AE has been used as a widely applied technique in manufacturing process monitoring due to its sensitivity to process parameters. The use of AE as a monitoring technique for machining operations comes with more advantages, one of which is its ability to detect machine vibrations from those of AE signals due to high-frequency range and sensitivity of AE signals, thus preventing it from interfering with the cutting operation [9, 10].

Structural health monitoring (SHM) in civil engineering involves AE technique for detecting cracks in structures. This technique relies on the high-frequency ultrasonic waves generating energy that is rapidly emitted from a material throughout from the initiation to growth progression of cracks. The wide applicability of AE technique is evident in several metal piping system evaluations and fiberglass-reinforced plastics (FRP) and concrete bridges [11, 12].

AE originates from stress waves generated as a result of the growth or movement that takes place in solid defects. When a composite material is subject to a mechanical load, it can experience matrix cracking, debonding, and delamination. AE is a powerful technique capable of detecting these damage types in composites [13, 14].


  1. 1. Scruby CB. An introduction to acoustic emission. Journal of Physics E: Scientific Instruments. 1987;20(8):946
  2. 2. Grosse CU, Ohtsu ME. Acoustic Emission Testing. Berlin, Heidelberg: Springer-Verlag; 2008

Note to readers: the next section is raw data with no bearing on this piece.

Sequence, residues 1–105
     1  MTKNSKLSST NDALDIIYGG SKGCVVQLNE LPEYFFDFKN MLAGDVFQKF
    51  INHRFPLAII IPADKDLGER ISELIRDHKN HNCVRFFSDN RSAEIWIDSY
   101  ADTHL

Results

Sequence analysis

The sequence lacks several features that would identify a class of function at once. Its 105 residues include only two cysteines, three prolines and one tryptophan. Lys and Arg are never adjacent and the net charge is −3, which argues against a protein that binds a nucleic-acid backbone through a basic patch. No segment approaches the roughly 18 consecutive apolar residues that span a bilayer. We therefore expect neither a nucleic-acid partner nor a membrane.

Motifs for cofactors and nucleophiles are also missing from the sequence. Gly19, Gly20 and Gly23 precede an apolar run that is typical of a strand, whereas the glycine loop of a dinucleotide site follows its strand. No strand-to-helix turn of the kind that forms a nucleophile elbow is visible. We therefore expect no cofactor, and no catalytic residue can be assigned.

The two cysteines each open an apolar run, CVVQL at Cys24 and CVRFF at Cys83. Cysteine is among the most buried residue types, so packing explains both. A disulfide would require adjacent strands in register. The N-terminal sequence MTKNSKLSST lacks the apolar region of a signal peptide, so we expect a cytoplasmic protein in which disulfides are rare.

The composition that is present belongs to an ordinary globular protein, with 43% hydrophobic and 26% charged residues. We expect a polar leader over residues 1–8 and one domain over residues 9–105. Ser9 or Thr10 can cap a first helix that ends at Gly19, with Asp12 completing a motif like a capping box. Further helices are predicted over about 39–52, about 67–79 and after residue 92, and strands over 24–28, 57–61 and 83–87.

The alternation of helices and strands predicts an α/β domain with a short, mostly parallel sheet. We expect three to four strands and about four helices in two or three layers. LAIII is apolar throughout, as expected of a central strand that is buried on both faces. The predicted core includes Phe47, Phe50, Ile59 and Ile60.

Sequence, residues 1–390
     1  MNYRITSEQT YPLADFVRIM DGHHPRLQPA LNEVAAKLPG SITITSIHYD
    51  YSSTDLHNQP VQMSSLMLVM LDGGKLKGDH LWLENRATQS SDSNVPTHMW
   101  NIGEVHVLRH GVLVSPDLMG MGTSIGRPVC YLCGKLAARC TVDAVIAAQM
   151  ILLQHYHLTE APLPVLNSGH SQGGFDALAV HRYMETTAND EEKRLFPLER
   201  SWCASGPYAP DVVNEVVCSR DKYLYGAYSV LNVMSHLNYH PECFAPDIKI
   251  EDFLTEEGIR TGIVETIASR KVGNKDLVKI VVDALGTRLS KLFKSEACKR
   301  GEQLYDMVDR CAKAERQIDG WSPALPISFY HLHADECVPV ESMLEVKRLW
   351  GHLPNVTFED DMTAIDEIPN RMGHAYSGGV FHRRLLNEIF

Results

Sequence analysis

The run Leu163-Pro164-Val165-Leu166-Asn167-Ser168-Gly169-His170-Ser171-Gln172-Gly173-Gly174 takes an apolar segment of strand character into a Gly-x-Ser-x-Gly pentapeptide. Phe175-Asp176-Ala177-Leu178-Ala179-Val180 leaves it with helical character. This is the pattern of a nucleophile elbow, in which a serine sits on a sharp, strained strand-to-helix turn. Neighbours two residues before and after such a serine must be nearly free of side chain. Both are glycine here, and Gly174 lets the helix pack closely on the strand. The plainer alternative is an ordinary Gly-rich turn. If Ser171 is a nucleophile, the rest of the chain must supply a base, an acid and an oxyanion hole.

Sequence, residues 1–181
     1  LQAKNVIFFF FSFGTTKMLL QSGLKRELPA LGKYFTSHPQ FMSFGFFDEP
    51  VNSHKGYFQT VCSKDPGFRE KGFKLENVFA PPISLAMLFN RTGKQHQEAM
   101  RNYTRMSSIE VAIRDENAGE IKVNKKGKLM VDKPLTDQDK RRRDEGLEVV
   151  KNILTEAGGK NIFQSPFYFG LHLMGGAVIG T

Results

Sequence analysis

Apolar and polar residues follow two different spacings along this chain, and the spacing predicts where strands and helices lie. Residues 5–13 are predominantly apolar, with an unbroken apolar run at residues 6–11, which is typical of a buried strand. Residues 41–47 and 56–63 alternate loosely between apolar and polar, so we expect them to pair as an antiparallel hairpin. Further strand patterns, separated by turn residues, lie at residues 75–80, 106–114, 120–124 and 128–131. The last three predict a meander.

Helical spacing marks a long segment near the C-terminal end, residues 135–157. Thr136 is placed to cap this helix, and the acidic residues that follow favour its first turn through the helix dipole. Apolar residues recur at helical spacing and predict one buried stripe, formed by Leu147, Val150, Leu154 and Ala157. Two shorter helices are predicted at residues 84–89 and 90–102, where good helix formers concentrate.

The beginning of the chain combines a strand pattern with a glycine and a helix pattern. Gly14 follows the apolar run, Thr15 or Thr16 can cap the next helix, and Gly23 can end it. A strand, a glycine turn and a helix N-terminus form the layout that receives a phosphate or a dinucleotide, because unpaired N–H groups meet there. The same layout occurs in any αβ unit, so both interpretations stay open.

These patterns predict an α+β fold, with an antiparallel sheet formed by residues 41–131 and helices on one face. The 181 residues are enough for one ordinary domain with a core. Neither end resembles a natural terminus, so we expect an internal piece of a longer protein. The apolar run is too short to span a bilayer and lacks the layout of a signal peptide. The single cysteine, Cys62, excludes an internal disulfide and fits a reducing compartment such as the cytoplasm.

3. 3. Diamanti K, Soutis C. Structural health monitoring techniques for aircraft composite structures. Progress in Aerospace Sciences. 2010;46(8):342-352
  4. 4. Pullin R, Eaton MJ, Hensman JJ, Holford KM, Worden K, Evans S. Validation of acoustic emission (AE) crack detection in aerospace grade steel using digital image correlation. Applied Mechanics and Materials. 2010;24:221-226
  5. 5. Delvecchio S, Bonfiglio P, Pompoli F. Vibro-acoustic condition monitoring of internal combustion engines: A critical review of existing techniques. Mechanical Systems and Signal Processing. 2018;99:661-683
  6. 6. Wei N, Gu JX, Gu F, Chen Z, Li G, Wang T, et al. An investigation into the acoustic emissions of internal combustion engines with modelling and wavelet package analysis for monitoring lubrication conditions. Energies. 2019;12:640-659
  7. 7. Shrivastava S, Prakash R. Assessment of bone condition by acoustic emission technique: A review. Journal of Biomedical Science and Engineering. 2009;2(03):144
  8. 8. Kohn DH. Acoustic emission and nondestructive evaluation of biomaterials and tissues. Critical Reviews in Biomedical Engineering. 1995;23(3-4):221-306
  9. 9. Govekar E, Gradisek J, Grabec I. Analysis of acoustic emission signals and monitoring of machining processes. Ultrasonics. 2000;38(1-8):598-603
  10. 10. Jemielniak K, Arrazola PJ. Application of AE and cutting force signals in tool condition monitoring in micro-milling. CIRP Journal of Manufacturing Science and Technology. 2008;1(2):97-102
  11. 11. Grosse CU, Reinhardt HW, Finck F. Signal-based acoustic emission techniques in civil engineering. Journal of Materials in Civil Engineering. 2003;15(3):274-279
  12. 12. Ai Q, Liu CX, Chen XR, He P, Wang Y. Acoustic emission of fatigue crack in pressure pipe under cyclic pressure. Nuclear Engineering and Design. 2010;240(10):3616-3620
  13. 13. Ohtsu M. The history and development of acoustic emission in concrete engineering. Magazine of Concrete Research. 1996;48(177):321-330
  14. 14. Wevers M. Listening to the sound of materials: Acoustic emission for the analysis of material behavior. NDT and E International. 1997;30(2):99-106

Written By

Mahmut Reyhanoglu

Published: 30 March 2022